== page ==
Pat Benatar once famously sang about love being a battlefield, but it can scarcely ever have been such a twisted, dangerous and bloody war zone as depicted in this wonderfully crafted but excruciating thriller.
Gillian Flynn has good form for delving into the darkest recesses of the human psyche, her two previous novels winning a raft of awards and gaining fans including Val McDermid and Kate Atkinson.
Gone Girl is her best novel yet and definitely a contender for thriller of the year. It's based on a relatively familiar premise, that of the missing spouse, but Flynn imbues the story with such well-observed psychological depth as to make it seem utterly fresh on the page.
The action takes place in Carthage, Missouri, an anonymous slice of smalltown America suffering in the recession. Nick and Amy Dunne have moved there recently from New York to care for Nick's ailing mother. It's an unspoken defeat for them both, being back – especially for Amy who has been raised a trust-funded Manhattan socialite, and is now slumming it with the other Carthage wives. Nick runs a bar with his twin sister Go (short for Margo), financed by the last of Amy's trust fund money.
The book opens with Amy missing, the narrative switching between Nick, who is dealing with the aftermath, and diary entries from Amy leading up to the day of her disappearance.
As the plot progresses, Amy's disappearance becomes more and more suspicious, and Nick inevitably becomes the focus for the local police's attention, while he tries to balance public opinion and stay on good terms with Amy's parents, a husband-and-wife team of children's authors now fallen on hard times.
The first half of Gone Girl includes some of the most tense prose you will ever get to read. Flynn is masterly at ramping up the drama to painful, almost unreadable levels, with each minor revelation about the police investigation or Amy's backstory pitched perfectly to maximise a response from the reader.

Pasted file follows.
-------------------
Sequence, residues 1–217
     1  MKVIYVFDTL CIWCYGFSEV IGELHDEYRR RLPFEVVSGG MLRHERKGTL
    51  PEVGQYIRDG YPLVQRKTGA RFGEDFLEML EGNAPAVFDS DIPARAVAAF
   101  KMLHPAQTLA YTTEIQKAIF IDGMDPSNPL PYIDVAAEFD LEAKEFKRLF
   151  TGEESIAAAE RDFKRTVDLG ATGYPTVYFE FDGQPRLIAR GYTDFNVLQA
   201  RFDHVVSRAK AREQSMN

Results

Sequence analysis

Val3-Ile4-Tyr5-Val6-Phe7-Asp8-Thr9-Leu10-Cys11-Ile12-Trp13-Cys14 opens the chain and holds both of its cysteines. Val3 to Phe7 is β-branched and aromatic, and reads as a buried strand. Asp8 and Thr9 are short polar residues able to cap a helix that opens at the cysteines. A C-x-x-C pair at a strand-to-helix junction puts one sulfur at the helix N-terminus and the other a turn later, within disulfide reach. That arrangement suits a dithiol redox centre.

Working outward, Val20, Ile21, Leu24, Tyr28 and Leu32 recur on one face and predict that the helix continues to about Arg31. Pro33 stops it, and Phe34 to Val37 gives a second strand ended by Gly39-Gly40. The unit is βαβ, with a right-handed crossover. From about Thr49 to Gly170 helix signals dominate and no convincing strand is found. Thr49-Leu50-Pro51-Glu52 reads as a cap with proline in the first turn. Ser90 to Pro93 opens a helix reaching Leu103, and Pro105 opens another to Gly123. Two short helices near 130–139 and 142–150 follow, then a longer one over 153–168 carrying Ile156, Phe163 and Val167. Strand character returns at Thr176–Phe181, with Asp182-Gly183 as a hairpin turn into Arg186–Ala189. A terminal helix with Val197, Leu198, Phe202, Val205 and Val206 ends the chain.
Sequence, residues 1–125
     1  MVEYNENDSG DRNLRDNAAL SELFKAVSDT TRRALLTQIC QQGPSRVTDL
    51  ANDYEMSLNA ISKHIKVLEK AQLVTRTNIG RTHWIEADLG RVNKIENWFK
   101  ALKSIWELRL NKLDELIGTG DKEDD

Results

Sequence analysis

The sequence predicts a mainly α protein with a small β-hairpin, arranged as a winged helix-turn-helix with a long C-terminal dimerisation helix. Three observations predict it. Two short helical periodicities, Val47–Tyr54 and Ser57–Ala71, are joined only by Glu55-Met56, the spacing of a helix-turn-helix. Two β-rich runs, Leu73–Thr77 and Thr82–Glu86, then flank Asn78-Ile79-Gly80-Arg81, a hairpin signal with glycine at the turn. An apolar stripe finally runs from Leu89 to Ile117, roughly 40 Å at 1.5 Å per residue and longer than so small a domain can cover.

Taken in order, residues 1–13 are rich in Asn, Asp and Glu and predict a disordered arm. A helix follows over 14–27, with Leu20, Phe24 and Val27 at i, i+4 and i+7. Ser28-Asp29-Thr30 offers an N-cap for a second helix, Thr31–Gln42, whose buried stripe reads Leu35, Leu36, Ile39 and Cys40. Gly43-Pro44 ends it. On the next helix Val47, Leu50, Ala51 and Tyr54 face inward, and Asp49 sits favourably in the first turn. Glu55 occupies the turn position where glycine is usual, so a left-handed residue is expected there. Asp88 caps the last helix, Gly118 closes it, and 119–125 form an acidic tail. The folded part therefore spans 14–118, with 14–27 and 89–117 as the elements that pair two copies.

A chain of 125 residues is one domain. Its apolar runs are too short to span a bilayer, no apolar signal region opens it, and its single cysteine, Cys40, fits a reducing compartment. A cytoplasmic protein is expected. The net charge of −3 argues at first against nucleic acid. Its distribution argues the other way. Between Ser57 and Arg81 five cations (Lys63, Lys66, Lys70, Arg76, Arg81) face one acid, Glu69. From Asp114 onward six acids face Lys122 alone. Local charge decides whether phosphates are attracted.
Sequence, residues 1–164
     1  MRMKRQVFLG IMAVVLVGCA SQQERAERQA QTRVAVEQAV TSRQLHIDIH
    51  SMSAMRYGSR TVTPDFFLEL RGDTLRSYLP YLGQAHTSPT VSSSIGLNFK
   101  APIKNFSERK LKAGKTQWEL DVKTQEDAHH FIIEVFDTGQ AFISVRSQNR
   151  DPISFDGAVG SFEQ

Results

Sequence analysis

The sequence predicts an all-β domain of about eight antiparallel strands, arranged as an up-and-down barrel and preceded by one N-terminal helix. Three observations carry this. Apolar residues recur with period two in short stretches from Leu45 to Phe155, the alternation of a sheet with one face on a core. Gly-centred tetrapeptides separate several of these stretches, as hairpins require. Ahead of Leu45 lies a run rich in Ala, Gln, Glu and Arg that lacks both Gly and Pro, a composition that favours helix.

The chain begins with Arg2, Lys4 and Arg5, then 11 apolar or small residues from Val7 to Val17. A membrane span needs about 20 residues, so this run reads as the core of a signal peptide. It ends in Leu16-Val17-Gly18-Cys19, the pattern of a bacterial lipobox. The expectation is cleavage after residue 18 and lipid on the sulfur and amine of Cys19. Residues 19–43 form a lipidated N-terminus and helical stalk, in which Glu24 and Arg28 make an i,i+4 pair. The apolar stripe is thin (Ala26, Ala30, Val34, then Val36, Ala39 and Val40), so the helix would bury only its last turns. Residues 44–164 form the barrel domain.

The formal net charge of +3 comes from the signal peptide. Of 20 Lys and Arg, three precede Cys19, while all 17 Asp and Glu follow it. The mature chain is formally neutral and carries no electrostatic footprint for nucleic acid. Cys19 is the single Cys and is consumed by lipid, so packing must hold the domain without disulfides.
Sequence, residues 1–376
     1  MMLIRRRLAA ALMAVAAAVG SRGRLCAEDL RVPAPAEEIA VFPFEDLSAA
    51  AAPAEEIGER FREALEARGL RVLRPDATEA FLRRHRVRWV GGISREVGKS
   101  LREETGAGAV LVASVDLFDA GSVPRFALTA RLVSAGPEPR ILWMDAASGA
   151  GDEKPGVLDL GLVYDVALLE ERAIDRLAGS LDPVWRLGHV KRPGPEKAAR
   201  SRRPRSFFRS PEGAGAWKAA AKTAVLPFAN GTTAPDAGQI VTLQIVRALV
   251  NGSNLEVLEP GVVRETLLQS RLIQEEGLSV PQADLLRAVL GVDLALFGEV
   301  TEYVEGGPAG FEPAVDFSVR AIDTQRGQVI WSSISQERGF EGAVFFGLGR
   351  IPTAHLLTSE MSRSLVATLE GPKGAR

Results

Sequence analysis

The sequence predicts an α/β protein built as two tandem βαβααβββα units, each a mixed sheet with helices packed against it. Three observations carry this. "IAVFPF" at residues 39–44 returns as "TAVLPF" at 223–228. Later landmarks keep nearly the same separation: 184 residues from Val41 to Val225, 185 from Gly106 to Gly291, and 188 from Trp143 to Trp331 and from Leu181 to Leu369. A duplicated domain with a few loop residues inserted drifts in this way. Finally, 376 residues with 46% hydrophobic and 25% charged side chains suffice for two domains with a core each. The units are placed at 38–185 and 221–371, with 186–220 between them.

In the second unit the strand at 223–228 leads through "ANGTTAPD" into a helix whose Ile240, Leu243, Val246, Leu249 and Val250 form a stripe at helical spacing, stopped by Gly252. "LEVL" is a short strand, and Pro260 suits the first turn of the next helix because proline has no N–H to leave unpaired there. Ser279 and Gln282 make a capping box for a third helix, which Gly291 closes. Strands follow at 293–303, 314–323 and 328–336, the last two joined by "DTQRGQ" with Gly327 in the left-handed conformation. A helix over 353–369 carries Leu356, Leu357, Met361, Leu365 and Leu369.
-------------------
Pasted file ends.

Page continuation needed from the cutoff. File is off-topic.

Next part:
Around halfway through, we find out what has really happened to Amy, or we think we do, as the veracity of some of the earlier narration is thrown into doubt. Some of the tension of the story is inevitably lost, but Flynn cleverly replaces it with a slow-drip revelation of the real mindsets and motivations of her key characters. I can't say any more about the plot without giving away too much – anathema to us thriller writers – but it is safe to say you will be left wondering how on earth the story is going to end, right up to the book's final climactic scenes.
Flynn is, without doubt, at the front of the pack of American thriller writers. The characterisation, plot, dialogue, description and social commentary are all razor sharp, snappy and precise without being too stylistically so. This story of a love gone brutally wrong is a painful but utterly compulsive read.
Join our commenting forum
Join thought-provoking conversations, follow other Independent readers and see their replies